Notwithstanding this, Realism continues to purvey qualities of beauty, skill, concept, emotion, and place, that are directly engaging and relevant for the viewer in a post art world. In general, the mature principles of Realist painting have endured for over six hundred years while other movements mutate for survival. If one were to assess the larger historical picture to date, Realist painters would easily be considered one of the ‘last dogs hung.’

Steven Rhude, Wolfville, NS.

To inquire about work contact: or 902.425.9456

Buoy at Italy Cross, oil on canvas, 19"x22", Steven Rhude

Heaven's Gate Road, oil on canvas, 30"x40", Steven Rhude

Buoy at Dublin Shore, oil on canvas, 20"x16", Steven Rhude

Boy and Hay Bale, oil on canvas, 27"x37", Steven Rhude

Stairway, Cape Spear, oil on board, 24"x20", Steven Rhude

Buoy at Indian Path Road, oil on canvas, 20"x16", Steven Rhude

Apparition, oil on canvas, 36"x48", Steven Rhude

Finding Arcadia - Whitehead, oil on canvas, 60"x90", Steven Rhude

Road to Lunenburg, oil on board, 20"x24", Steven Rhude

Road to Yankee Harbour, oil on board, 20"x24", Steven Rhude

Red Boat, Road to Kissing Bridge, oil on canvas, 32"x50", Steven Rhude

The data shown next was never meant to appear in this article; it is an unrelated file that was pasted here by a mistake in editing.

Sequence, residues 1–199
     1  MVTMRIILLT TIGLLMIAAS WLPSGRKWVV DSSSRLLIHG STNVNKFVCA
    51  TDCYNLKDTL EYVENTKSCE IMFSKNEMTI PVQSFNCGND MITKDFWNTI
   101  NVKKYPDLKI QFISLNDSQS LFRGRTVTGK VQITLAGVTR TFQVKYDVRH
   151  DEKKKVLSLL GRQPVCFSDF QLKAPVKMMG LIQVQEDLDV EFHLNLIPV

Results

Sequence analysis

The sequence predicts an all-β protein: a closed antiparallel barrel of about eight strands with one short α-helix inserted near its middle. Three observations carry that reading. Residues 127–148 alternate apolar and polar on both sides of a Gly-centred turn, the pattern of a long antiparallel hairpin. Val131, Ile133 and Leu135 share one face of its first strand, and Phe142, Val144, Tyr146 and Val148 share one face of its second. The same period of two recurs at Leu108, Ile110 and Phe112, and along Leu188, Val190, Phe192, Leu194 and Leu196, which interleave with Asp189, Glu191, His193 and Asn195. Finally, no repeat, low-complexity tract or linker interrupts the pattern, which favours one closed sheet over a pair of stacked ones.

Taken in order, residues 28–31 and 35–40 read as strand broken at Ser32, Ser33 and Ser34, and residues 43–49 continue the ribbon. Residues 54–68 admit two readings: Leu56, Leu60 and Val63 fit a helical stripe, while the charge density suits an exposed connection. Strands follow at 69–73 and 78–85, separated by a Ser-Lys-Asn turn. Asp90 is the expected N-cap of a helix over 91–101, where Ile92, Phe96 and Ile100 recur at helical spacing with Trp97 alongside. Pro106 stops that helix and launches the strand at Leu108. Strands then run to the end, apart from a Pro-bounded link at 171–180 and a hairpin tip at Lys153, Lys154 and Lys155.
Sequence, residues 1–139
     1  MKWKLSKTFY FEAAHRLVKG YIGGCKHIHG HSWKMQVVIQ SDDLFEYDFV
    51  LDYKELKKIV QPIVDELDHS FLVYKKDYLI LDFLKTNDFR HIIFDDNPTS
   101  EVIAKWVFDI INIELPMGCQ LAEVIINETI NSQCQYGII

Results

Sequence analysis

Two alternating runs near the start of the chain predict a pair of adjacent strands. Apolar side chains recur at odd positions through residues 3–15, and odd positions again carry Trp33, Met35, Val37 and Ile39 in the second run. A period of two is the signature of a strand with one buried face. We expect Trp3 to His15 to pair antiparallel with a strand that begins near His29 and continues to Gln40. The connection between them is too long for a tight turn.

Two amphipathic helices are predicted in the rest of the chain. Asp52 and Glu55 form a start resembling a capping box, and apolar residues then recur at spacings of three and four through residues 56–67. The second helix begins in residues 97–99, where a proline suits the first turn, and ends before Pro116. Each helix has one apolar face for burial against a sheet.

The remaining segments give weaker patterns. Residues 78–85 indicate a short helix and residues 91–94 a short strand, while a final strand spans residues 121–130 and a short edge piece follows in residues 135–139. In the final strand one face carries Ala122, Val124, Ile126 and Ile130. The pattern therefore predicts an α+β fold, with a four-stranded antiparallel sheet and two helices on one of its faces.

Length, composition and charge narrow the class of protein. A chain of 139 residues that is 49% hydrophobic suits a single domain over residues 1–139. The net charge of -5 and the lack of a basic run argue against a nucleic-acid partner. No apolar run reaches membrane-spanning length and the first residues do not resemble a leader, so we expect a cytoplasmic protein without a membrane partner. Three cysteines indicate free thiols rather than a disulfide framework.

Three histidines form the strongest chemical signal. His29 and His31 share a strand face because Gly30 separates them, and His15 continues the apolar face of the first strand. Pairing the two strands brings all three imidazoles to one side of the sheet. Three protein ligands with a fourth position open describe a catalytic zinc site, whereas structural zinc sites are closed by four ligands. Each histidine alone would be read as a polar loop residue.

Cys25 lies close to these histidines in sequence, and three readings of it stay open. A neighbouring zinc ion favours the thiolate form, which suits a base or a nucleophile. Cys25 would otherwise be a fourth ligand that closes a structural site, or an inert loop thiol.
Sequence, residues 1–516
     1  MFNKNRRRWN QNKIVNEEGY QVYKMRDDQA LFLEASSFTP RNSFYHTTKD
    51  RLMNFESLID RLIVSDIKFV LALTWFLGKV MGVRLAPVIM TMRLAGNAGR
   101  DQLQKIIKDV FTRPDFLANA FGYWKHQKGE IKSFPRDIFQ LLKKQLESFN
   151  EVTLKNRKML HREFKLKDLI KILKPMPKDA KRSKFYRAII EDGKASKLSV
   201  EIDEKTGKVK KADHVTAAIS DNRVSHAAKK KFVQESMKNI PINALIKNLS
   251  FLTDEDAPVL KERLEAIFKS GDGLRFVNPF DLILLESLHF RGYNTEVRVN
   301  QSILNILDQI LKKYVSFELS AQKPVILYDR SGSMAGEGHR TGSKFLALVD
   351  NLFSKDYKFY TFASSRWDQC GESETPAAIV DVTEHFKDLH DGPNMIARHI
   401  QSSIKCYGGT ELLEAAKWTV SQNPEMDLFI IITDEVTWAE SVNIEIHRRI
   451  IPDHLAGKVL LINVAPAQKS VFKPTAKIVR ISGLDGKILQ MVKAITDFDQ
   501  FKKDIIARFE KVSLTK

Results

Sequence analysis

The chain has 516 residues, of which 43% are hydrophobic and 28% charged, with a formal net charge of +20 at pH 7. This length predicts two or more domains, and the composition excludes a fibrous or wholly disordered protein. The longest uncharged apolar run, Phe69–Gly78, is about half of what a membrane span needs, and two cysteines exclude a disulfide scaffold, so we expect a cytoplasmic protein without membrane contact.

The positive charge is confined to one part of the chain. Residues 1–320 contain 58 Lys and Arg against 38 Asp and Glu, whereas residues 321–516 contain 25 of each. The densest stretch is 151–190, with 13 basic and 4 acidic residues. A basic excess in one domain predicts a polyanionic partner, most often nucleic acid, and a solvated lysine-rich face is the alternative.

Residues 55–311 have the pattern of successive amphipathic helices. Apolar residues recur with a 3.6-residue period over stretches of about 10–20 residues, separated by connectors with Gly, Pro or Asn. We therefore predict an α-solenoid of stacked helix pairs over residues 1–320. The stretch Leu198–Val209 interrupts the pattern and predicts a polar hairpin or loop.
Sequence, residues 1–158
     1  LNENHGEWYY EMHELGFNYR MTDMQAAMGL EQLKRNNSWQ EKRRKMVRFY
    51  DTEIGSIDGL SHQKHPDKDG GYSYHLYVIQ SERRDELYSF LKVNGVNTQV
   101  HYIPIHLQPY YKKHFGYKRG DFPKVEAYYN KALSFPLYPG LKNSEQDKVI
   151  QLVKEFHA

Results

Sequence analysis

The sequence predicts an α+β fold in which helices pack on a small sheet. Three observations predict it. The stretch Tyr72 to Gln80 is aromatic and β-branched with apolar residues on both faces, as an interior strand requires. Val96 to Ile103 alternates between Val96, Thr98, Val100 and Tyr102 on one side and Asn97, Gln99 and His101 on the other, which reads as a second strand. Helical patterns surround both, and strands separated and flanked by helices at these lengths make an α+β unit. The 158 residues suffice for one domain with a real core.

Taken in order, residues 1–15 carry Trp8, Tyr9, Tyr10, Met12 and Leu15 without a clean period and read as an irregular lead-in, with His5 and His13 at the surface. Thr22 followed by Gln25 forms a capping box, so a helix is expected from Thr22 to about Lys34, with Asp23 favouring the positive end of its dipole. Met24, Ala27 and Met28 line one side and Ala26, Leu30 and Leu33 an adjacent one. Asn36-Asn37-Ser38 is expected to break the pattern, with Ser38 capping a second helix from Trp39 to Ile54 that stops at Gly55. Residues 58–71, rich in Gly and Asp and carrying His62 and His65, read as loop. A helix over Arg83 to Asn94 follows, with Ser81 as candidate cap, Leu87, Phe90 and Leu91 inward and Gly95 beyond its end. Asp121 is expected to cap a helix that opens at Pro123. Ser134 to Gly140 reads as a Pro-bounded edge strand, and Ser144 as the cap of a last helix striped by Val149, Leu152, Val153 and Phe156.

Road to Half Island Cove, oil on board, 18"x24", Steven Rhude

Fish Fluke, oil on canvas, 40"x72", Steven Rhude

Spring, Isle Madame, oil on canvas, 40"x60", Steven Rhude 

Buoys and Apples - After Kingsburg, oil on canvas, 20"x30", Steven Rhude

Buoy at Black Point Road, oil on  board, 18"x24", Steven Rhude

Wednesday, 20 June 2012

Learning to leave

Boy with Hay Bale, oil on canvas, 27"x37", Steven Rhude

The search for community is a creative process of constructing what Castells calls 'resistance identities' which oppose the 'legitimized identities' constructed for us in the context of civil society and its state apparatuses.'  

Michael Corbett - Learning to Leave, The Irony of Schooling in a Coastal Community, Fernwood Publishing